Zen, and the art of being ok with yourself.

Dear Reader,

Today I am going to talk about something that plagues many (if not all) mothers at some point in their path of parenthood. Dads too, if any happen to be reading. Being all things to all people. Perfectionism. Needing to do everything perfectly, every time we do it.

Let’s start with a personal anecdote to introduce the topic, shall we? This past week, I pulled out all the stops at the house. I swept. I kept the kitchen in decent shape. I did the laundry. I cooked my own breakfast every morning (those of you who see me regularly know that this is a BIG DEAL). I continued jogging. I even showered regularly, and put on make up. Throughout all of that, I continued to successfully mommy (yes, I use that word as a verb. Deal with it). Eli was as happy as he could be, relatively hygienically sound, and eating like a champ.

This weekend there was also a big Texas wine festival in the downtown district that my little family calls home. My sister was coming to town with her husband to partake in the food, drink, and music of it all. The evening of the first day of the festival, I was WORN OUT. My parents took Eli home with them halfway through the day (the hippie was working, as wine festivals tend to have people who REALLY need foodstuffs), and I got to walk around little in the name of trying to cover the festival for a little side project of mine (art979.com. Check it out!). I wasn’t able to get what I wanted, but I DID get to play with my sister a little bit, and that was something I desperately needed. But, I was still pooped, and hadn’t seen my baby boy in several hours, so instead of covering the concert I was really looking forward to, I hiked back to my car and drove as quickly as I could to go pick up my baby. My dad and step-mom had loved on my sweet kiddo all afternoon, and had grand plans to make sure that we had dinner before going home to a house with clean floors, clothes, and a fridge stocked with food (remember that part where I did ALL THE THINGS this week?).

Aside from my exhaustion, I felt awesome. I had a clean house. I had made tracks on getting my job done. I managed to be social, and look nice. My child hadn’t caught on fire. Then my dad helped me carry my kiddo to the car so we could go home.

There it was. All the mess that was left in my life was hiding in my car. At least a dozen empty coffee cups, fast food bags (foodie shameā€¦), spare shirts, old mail, you name it, and it was in my car. Evidence that I was not the flawless Wonder Woman wannabe that I was trying to be. “Honey, it looks like a homeless person lives in your car” is how my loving father put it. I was humiliated. Didn’t he know that my house was gorgeous? That I put on a bra, and PANTS every day this week? That I managed to successfully adult all week without having a single nervous breakdown?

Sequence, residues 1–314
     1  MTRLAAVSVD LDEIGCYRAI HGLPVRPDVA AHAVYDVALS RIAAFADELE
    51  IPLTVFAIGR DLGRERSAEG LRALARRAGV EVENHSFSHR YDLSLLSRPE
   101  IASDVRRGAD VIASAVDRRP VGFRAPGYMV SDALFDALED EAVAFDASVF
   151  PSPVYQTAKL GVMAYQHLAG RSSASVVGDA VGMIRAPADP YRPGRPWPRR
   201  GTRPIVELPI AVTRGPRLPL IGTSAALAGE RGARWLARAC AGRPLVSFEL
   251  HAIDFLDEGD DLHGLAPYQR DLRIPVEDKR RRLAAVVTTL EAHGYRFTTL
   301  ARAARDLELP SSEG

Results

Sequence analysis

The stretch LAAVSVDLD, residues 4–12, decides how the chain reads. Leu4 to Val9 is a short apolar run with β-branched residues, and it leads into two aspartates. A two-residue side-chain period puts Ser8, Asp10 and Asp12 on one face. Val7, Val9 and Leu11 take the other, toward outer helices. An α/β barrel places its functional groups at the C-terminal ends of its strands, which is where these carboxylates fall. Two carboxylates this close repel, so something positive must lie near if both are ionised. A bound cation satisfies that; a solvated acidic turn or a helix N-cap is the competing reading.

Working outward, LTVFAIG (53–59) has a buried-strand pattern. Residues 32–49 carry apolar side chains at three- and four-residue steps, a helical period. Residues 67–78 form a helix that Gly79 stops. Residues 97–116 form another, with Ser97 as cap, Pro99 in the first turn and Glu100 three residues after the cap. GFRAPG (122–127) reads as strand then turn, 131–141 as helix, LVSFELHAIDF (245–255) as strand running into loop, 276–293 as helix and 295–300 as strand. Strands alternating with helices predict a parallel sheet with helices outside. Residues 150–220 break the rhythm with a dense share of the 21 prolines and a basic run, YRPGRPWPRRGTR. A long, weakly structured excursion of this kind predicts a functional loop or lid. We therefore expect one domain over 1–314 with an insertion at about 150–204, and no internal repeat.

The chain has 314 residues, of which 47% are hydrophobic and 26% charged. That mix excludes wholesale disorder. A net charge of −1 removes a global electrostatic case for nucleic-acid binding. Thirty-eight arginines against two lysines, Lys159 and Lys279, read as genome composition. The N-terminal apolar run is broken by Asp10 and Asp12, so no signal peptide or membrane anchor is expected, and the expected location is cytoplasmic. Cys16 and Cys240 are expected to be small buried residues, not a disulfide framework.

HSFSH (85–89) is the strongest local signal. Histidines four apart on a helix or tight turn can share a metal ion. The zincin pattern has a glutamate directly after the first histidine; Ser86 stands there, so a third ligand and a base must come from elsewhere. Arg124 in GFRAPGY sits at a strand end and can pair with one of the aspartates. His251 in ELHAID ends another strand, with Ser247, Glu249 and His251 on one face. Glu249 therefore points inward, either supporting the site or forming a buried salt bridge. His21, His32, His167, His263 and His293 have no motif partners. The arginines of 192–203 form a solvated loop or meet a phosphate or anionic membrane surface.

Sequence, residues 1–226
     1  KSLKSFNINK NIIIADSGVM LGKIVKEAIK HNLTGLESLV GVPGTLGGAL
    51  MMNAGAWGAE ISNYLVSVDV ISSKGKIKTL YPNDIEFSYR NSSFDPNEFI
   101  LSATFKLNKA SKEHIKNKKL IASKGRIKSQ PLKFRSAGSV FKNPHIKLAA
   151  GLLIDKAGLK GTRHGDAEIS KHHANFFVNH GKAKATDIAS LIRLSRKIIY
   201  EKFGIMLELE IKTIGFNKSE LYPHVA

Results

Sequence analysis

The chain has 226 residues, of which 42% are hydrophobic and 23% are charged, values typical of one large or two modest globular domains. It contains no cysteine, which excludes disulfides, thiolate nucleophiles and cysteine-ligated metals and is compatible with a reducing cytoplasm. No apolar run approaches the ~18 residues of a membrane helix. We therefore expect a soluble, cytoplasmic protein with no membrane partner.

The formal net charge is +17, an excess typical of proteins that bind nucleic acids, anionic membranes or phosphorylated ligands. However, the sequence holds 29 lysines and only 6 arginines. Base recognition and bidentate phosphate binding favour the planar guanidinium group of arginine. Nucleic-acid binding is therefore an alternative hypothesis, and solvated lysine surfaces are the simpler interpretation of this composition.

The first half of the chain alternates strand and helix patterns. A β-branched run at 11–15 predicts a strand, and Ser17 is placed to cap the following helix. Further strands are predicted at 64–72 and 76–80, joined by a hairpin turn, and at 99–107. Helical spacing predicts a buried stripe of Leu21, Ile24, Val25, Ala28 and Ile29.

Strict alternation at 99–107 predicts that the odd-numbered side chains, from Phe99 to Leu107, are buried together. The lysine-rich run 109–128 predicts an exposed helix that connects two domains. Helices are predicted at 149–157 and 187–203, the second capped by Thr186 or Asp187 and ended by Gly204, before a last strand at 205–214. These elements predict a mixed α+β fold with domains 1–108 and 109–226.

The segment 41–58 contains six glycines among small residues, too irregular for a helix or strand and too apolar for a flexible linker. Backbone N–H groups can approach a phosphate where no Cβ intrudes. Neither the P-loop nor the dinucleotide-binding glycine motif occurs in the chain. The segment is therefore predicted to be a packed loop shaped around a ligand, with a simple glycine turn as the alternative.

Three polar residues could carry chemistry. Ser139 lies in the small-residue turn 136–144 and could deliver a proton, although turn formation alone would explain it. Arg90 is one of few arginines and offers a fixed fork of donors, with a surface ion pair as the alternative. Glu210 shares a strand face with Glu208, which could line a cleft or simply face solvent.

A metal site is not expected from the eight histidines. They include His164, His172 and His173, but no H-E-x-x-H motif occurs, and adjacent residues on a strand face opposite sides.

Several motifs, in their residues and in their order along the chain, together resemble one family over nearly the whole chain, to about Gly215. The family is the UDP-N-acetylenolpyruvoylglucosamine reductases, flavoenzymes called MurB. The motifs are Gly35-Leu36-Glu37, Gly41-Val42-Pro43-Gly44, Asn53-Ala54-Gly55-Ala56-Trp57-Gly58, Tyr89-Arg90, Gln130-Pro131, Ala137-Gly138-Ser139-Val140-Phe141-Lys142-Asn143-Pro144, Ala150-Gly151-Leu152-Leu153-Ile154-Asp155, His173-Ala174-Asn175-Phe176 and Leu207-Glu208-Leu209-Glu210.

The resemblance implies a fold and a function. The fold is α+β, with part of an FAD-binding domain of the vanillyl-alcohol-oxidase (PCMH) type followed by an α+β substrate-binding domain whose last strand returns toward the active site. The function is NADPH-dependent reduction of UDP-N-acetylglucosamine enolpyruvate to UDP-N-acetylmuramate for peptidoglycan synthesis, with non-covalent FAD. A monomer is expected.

I’m ashamed to say that I didn’t handle this with the kind of grace that I like to tell myself is instinctual for me. I snapped something about not having time, and then got in my car, and drove home without hugging my daddy goodbye for the night.

Sidenote: don’t worry, I apologized, and we have hugged many times since. But why was I so upset over having my car mess pointed out?

Because I missed something. I had tried so hard to be perfect all week, and had done pretty well (for me). And here was glaring proof of my failure. Of my missing something. Of not being able to sufficiently do all the things. Of not being the flawless creature that I tell myself I am capable of being.

Ok, dear readers. I’m going to go ahead and say it, and we can all just know it together. You aren’t perfect. You can’t do everything. And that’s ok. Those messes? Let ’em rest. You’ll get to them eventually (or, at least you’ll tell yourself that). But really? They’re just a sign that there is so much more in this life than having a clean house (or car). Who cares if someone notices that you missed a spot? In all honestly, that person probably needed the reminder that it’s ok that they haven’t had their oil changed in almost a year. Well, maybe not ok, because everyone needs transportation that isn’t about to die on them. BUT ok that it’s their turn to be the friend who needs it to be their turn to be an accepted mess.

Right now, it’s my turn. I’m a new(ish) mom. I am an actor. I have a couple of part time jobs. And I am passionately in love with my partner. Things are gonna slip. There are going to be weeks when the dishes don’t get done every night. When there is a coffee cup graveyard in the car. When something mysterious starts growing in that one tupperware dish in the back of the fridge. And that gets to be ok right now.

Sincerely,
A “Y’all. Eli is STANDING.” me